Tomcat Cluster Mod Jk

tomcat-cluster

On this page, we focus on setting up the cluster to act as a load balancer, without session replication. For session replication, refer to tomcat-cluster-session-replication

What is mod_jk?

mod_jk is an Apache HTTPD module that is used to provide load balancing and proxy capabilities. It uses the AJP protocol to facilitate communication between Tomcat servers and the Apache Web Server.

What are the basic steps to get Apache HTTPD, mod_jk, and Tomcat to implement in-memory session replication?

  1. Install Apache
  2. Install Tomcat
  3. Download and install mod_jk
  4. Configure mod_jk inside Apache
  5. Configure Tomcat workers - enabling session replication (distributable element in web.xml)
  6. Configure Tomcat Cluster (server.xml)
  7. Make our web application distributable via the <distributable/> tag in web.xml. Add the <distributable/> element at the end of the web.xml file (just before the </web-app>)
  8. Add more load balancers

How to install Apache?

This is not covered here.

How to install Tomcat?

This is not covered here.

How to download and install mod_jk?

mod_jk is distributed separately from Apache HTTPD as part of the Tomcat project. Binary distributions of the module are available for most major platform. If the version and platform that you are looking for is not yet available, you can build the appropriate version from source. Once you have either downloaded and unzipped or built the module, place it in the 'modules' directory of your Apache HTTPD server.

How to configure mod_jk inside Apache?

Add the following lines to httpd.conf:

# Load module
LoadModule jk_module path/to/apache2/mod_jk.so

# Specify path to worker configuration file
JkWorkersFile /path/to/apache2/conf/workers.properties

# Configure logging and memory
JkShmFile /path/to/desired/log/location/mod_jk.shm
JkLogFile /path/to/desired/log/location/mod_jk.log
JkLogLevel info

# Configure monitoring
JkMount /jkmanager/* jkstatus

<Location /jkmanager>
    Order deny, allow
    Deny from all
    Allow from localhost
</Location>

# Configure applications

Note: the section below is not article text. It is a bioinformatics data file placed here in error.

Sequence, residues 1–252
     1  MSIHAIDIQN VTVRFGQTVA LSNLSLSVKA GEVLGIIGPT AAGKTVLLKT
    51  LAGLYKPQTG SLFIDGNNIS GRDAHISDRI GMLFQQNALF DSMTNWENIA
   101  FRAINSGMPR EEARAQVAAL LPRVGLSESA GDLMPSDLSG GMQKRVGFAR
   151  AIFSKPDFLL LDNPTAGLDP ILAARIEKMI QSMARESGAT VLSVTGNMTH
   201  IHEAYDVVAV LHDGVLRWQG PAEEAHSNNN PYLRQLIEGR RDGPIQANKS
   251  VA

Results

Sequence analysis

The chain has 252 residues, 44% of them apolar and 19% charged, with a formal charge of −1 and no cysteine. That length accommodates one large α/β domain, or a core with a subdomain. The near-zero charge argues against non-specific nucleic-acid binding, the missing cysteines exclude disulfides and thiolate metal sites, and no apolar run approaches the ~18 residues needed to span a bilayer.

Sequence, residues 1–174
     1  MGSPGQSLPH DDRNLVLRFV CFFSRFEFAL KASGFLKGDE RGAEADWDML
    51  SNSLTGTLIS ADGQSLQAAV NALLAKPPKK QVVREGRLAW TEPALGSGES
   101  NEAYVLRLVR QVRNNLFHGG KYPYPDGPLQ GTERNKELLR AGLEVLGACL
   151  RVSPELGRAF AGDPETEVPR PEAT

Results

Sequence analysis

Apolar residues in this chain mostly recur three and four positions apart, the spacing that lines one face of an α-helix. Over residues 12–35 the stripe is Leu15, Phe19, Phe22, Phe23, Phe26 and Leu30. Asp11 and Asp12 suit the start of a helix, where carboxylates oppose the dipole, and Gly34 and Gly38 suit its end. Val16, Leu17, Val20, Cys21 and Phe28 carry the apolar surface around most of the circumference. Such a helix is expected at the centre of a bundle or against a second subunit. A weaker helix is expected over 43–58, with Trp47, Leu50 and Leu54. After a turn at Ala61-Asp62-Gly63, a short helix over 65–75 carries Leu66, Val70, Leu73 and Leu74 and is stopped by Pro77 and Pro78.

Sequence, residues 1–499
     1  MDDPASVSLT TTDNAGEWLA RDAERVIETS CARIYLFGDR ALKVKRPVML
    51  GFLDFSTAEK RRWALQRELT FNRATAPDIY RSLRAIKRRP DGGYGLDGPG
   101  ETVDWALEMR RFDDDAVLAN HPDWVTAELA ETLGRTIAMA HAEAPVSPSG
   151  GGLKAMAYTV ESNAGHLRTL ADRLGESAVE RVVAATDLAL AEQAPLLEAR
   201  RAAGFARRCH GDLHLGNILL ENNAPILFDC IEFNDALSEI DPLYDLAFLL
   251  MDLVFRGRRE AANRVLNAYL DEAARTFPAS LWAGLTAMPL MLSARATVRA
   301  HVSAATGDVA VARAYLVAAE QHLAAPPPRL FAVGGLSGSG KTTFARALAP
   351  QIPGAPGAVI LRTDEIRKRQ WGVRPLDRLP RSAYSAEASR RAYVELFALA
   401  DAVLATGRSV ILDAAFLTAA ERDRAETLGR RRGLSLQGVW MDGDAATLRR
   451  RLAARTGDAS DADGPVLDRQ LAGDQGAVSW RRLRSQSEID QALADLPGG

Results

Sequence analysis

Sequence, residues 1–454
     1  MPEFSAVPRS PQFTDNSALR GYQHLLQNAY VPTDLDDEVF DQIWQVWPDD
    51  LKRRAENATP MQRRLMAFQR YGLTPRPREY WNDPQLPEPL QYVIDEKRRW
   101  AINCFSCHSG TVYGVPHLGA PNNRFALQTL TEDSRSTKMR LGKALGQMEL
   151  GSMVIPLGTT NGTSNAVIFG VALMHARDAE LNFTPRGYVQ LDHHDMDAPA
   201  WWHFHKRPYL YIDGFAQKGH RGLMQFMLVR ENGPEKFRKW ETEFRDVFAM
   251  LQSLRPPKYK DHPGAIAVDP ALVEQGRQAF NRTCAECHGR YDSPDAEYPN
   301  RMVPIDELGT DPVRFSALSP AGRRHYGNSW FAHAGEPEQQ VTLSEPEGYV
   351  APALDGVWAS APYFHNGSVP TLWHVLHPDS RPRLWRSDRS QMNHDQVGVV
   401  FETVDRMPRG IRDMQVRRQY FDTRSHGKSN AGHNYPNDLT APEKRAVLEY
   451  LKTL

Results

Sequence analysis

JkMount /webapp-directory/* LoadBalancer
  • JkWorkersFile - sets the path to the worker configuration file, which we will create in the next step
  • JkShmFile - sets the path to the shared memory files for the module. Generally, you'll want to keep this with the logs.
  • JkLogFile - sets the path to the module log file.
  • JkLogLevel - sets the level of logging for the module. The valid values for this attribute, in descending order by verbosity, are "debug", "error" or "info".
  • JkMount - this is used to map a certain URL pattern to a specific worker configured in the worker configuration file. Here, we use it twice - once to enable /jkmanager as the access URL for jkstatus, a virtual monitoring worker, and once to map all requests we want to be handled by the cluster to the "lb" worker, a virtual worker that contains the load balancing capability
  • Location - this is a security constraint. The settings we have included allow access to the jkmanager only from the localhost (this is a Good Idea).

How to configure the cluster worker?

Now that we've configured the main settings, we will configure the worker. "Workers" is a blanket term used within mod_jk to refer to both real Tomcat servers that will process requests, and virtual servers included in the module to handle load balancing and monitoring.

Add the following to /path/to/apache2/conf/workers.properties:

# Define worker names
worker.list=jkstatus, loadbalancer, stat

# Create virtual workers
# The status worker allows us to get statistical data
worker.jkstatus.type=status
worker.loadbalancer.type=lb

# Declare Tomcat server workers 1 through n
worker.worker1.type=ajp13
worker.worker1.host=hostname
worker.worker1.port=8009

# ...
worker.worker[n].type=ajp13
worker.worker[n].port=8010
worker.worker[n].host=hostname

# Associate real workers with virtual LoadBalancer worker
worker.loadbalancer.balance_workers=worker1,worker2,…worker[n]